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Water covers more than 70% of the Earth. (Photo by Lauren Millang)

Water Connects Us All

Thursday, June 10, 2021

Media Contact: Samantha Siler | Communications and Marketing Manager | 405-744-2977 | samantha.siler@okstate.edu

Sometimes the most meaningful connections are the ones individuals don’t see coming.

Such is the way Oklahoma 4-H members impacted youth in the Republic of the Congo through the international Water Connects Us All 4-H curriculum, said Jeff Sallee, former state 4-H STEM extension specialist.

Sallee said he was excited to adopt the Water Connects Us All curriculum because of its STEM ties.

“Oklahoma 4-H members traveled to Iowa to learn the curriculum,” Sallee said. “This was made possible through Bayer Agriscience and the National 4-H Council.”

In 2020, these 4-H members and the Luzabu Group Association formed a partnership to dive into the Water Connects Us All curriculum.

The Luzabu Group Association is an organization that promotes STEM education in the Republic of the Congo.

Japhet Mavoungou, the association’s co-founder and vice president, shares the same motivation as Oklahoma 4-H members to spread the impact of the curriculum, he said.

Living in the Republic of the Congo, Mavoungou is a petroleum engineer by profession and an entrepreneur and youth trainer by passion, he said.

The Luzabu Group Association organizes workshops to familiarize students with STEM and prepare students for careers, Mavoungou said.

Mavoungou was selected to be a part of the Mandela Washington Fellowship in 2018, a flagship program of the Young African Leaders program created by former President Barack Obama. This opportunity served as a valuable connection to Sallee.

Japhet of the Luzabu Group Association
Japhet Mavoungou teaches the Water Connects Us All curriculum to students in the Republic of Congo. (Photo courtesy of Japhet Mavounguo)

“Sallee invited me to join a camp with Oklahoma 4-H, and once I came back to the Congo, I was invited to be a part of the Water Connects Us All project,” Mavoungou said.

The curriculum is about the importance of water and how it connects the whole planet, Mavoungou added.

The students tried to engineer practices that could improve water quality in both agriculture and communities, Mavoungou said. Students designed a watershed and learned of its importance, he said.

“We know a human being can destroy resources, but at the same time, we can contribute as a team to find solutions so we can use resources smartly,” he added.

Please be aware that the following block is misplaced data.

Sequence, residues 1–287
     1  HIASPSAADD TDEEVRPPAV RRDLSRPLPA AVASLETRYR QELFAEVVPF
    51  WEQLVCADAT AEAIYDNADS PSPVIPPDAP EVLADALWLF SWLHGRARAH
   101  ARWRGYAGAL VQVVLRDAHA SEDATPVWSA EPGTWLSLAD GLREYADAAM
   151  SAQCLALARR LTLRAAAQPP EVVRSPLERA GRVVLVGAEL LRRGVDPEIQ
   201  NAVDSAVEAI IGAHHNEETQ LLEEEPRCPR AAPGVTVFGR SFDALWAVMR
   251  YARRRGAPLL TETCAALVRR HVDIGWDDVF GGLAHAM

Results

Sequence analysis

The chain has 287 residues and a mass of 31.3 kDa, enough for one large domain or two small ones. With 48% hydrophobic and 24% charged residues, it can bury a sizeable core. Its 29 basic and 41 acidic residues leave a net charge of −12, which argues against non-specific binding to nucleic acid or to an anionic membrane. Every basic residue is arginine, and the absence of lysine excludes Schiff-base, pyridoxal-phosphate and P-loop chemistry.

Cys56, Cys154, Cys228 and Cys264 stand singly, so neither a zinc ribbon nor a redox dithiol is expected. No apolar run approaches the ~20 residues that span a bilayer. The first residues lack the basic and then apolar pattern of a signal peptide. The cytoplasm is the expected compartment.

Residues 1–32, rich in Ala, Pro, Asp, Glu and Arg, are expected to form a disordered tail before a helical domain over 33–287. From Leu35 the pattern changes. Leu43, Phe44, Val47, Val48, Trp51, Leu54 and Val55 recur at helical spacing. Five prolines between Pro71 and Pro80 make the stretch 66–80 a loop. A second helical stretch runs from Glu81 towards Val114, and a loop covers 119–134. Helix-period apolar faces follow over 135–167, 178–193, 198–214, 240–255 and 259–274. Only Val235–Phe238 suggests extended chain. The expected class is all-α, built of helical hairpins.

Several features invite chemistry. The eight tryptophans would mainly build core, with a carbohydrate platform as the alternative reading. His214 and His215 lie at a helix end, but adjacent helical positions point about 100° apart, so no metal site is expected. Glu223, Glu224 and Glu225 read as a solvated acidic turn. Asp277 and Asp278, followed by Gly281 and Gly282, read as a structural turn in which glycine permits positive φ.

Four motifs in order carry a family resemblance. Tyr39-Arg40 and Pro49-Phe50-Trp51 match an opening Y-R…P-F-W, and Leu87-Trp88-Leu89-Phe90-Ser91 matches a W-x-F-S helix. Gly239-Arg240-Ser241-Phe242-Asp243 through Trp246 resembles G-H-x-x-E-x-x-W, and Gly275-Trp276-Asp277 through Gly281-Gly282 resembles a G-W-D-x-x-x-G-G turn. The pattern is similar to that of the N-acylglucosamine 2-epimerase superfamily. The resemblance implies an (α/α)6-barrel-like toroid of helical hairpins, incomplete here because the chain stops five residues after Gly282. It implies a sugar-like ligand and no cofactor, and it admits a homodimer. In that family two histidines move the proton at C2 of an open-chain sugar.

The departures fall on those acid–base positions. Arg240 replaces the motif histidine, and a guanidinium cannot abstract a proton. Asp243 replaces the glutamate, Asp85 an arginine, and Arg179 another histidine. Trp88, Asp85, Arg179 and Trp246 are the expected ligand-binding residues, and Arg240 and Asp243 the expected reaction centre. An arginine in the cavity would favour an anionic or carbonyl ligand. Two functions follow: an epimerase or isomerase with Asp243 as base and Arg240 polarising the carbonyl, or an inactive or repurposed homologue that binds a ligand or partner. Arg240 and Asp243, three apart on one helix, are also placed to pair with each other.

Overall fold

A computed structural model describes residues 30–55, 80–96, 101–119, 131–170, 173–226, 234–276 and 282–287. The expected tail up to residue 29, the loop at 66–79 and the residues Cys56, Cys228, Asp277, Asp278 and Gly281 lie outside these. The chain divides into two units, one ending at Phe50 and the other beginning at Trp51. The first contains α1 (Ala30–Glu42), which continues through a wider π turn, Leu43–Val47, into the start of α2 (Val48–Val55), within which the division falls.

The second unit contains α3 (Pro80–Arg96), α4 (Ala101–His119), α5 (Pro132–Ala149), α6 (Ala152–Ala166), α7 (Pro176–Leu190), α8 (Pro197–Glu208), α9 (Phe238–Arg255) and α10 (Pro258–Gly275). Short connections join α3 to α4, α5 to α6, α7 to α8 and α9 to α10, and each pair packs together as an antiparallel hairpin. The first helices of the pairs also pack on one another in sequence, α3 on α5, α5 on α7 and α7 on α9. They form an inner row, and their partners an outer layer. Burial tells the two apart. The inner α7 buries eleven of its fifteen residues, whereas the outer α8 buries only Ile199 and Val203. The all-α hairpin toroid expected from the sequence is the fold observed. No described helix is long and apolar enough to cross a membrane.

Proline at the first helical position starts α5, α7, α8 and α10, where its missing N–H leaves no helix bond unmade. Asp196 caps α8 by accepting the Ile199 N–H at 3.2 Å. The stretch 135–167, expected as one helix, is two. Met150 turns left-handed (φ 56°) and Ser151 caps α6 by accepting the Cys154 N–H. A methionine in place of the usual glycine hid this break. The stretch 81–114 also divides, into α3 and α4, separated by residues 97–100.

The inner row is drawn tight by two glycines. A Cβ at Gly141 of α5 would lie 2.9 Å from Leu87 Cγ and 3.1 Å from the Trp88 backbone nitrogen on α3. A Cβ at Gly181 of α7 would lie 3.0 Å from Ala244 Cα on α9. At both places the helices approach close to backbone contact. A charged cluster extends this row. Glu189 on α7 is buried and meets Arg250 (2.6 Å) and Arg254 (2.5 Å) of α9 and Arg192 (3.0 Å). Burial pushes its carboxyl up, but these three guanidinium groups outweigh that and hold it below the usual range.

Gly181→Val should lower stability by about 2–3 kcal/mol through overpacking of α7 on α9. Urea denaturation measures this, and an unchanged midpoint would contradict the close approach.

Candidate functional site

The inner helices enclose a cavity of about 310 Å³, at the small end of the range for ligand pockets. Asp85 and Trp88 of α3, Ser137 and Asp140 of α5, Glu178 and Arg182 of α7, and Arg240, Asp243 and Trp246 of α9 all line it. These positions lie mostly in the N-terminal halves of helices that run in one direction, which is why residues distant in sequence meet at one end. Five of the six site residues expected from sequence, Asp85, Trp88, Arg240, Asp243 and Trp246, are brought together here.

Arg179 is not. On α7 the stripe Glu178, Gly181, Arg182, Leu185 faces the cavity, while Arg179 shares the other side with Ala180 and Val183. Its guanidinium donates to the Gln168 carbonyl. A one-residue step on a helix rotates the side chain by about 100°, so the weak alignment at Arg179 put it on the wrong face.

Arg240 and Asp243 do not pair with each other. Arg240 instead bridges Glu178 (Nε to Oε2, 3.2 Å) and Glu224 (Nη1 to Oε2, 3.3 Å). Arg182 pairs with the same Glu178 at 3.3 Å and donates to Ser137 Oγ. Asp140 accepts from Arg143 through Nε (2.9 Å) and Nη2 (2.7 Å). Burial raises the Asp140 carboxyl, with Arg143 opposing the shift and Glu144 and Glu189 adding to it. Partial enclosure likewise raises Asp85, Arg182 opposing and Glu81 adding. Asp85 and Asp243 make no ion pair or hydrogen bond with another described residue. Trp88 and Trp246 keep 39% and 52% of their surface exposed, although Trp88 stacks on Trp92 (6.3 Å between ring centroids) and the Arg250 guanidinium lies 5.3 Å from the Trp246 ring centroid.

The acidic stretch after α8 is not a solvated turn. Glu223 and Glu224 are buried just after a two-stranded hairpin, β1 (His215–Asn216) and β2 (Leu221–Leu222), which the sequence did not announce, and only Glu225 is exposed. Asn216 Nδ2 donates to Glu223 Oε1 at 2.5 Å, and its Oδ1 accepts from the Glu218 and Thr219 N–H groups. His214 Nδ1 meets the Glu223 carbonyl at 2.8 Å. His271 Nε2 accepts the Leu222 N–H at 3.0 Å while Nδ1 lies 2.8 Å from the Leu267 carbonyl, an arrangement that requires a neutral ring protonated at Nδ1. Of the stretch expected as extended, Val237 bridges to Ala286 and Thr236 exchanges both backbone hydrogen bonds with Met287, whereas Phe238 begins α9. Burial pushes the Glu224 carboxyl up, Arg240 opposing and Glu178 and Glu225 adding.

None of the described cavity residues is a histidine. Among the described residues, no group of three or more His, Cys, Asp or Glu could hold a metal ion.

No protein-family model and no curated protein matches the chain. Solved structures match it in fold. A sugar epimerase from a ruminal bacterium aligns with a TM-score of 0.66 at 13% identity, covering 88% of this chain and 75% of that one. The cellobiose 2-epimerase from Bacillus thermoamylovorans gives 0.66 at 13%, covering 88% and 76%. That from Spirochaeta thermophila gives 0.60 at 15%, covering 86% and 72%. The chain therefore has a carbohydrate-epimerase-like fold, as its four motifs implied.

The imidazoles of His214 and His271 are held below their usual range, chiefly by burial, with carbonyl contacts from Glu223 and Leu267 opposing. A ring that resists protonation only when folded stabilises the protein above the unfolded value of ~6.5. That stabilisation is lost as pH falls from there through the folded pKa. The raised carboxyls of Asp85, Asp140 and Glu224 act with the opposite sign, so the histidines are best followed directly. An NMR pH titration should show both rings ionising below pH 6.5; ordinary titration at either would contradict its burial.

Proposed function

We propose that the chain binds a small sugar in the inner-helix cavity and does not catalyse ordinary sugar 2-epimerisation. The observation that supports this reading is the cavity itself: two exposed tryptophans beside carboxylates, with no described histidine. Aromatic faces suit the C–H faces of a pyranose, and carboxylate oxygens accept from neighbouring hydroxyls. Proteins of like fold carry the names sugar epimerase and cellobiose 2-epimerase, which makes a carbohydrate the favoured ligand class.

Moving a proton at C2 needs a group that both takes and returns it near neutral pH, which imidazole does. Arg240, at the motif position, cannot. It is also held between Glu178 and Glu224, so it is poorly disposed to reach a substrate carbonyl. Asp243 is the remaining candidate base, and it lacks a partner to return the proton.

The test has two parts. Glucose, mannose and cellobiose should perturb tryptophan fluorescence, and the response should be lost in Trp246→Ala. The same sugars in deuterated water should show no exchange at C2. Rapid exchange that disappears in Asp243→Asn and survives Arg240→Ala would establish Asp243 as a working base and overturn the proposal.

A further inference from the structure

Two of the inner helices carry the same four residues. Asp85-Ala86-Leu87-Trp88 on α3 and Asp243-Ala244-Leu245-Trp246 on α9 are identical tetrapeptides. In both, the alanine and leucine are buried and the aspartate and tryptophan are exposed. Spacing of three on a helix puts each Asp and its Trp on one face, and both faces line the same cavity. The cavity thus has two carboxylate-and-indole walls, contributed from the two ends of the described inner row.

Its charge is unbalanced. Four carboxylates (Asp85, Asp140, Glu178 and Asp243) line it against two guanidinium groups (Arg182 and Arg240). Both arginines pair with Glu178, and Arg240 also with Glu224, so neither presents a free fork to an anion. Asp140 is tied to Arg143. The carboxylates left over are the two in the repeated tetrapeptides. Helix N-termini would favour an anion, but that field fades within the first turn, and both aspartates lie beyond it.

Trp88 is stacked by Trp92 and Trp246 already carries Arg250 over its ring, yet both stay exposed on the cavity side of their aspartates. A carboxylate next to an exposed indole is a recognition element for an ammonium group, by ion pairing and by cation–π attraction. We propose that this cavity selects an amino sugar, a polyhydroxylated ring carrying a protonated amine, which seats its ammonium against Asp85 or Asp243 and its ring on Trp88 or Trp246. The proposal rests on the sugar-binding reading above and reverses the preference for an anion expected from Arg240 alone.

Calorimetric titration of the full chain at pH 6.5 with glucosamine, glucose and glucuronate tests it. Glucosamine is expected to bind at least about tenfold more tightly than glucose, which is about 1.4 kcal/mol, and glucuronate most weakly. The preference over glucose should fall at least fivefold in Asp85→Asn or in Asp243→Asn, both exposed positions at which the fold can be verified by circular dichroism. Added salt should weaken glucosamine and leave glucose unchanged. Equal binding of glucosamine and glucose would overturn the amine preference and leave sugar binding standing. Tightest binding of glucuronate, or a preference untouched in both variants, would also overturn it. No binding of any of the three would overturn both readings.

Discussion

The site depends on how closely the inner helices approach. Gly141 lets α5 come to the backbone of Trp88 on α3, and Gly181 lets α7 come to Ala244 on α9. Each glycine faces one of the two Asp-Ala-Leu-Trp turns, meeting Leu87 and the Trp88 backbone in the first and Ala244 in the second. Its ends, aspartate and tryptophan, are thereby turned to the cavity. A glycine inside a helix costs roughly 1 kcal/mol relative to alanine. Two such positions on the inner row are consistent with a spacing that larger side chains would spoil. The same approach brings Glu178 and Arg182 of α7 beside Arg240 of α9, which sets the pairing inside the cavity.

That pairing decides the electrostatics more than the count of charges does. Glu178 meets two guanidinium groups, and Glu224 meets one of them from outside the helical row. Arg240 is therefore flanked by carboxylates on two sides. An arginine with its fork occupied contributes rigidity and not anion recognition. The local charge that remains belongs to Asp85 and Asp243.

Mavoungou and his staff received training materials from the U.S. and met with Oklahoma 4-H members online via Zoom to learn the curriculum.

“Our kids went through the activities and lessons with Mavoungou and his staff,” Sallee said. “Watching young kids from different counties in Oklahoma demonstrate what they know was amazing.”

After training, the staff took the curriculum from school to school to do the same presentation for as many students as possible in the Congo, Mavoungou said.

“It was amazing to see how we can duplicate anything we do, whatever the distance and geographical area,” Mavoungou said.

In addition, 4-H members used videos to train teens across the state, both in person and via Zoom. The group sent their videos to the Republic of the Congo to set up training to teach instructors how they could implement the new curriculum.

“I jumped on the opportunity because I enjoy teaching others about agriculture,” said Teegin Crosthwait, Oklahoma 4-H Ambassador who played a role in the project.

Crosthwait was chosen as a top teacher and attended the National Ag Innovators curriculum in Iowa last February, she said. The trip allowed her to meet new people who shared her passions, she added.

“We learned the curriculum, and the opportunity arose to teach youth in the Republic of the Congo,” she said.

How Water Connects Us All was interesting to teach in the U.S. and other countries, she said.

“In Oklahoma, water connects us to other states, but it also connects us with everybody,” she said. “We can all play a role in water conservation.”

Crosthwait’s experiences with Oklahoma 4-H and the Ag Innovators have further motivated her future career plans.

“I could definitely find a rewarding career teaching others about something I’m so passionate about,” Crosthwait said.

Moving forward, Crosthwait plans to continue teaching others and has set a goal to reach 1,000 students with this curriculum, she said.

Mavoungou also has a vision for how to continue this partnership moving forward, he said.

Although Kenya and several other countries in Africa have 4-H programs, the Republic of the Congo does not have an established 4-H program, Mavoungou added.

“It is my burning desire to create 4-H in the Congo so we can have more collaborations in the years to come,” Mavoungou said. “That is my dream, and dreaming is always good.”


Story by Lauren Millang, Cowboy Journal staff

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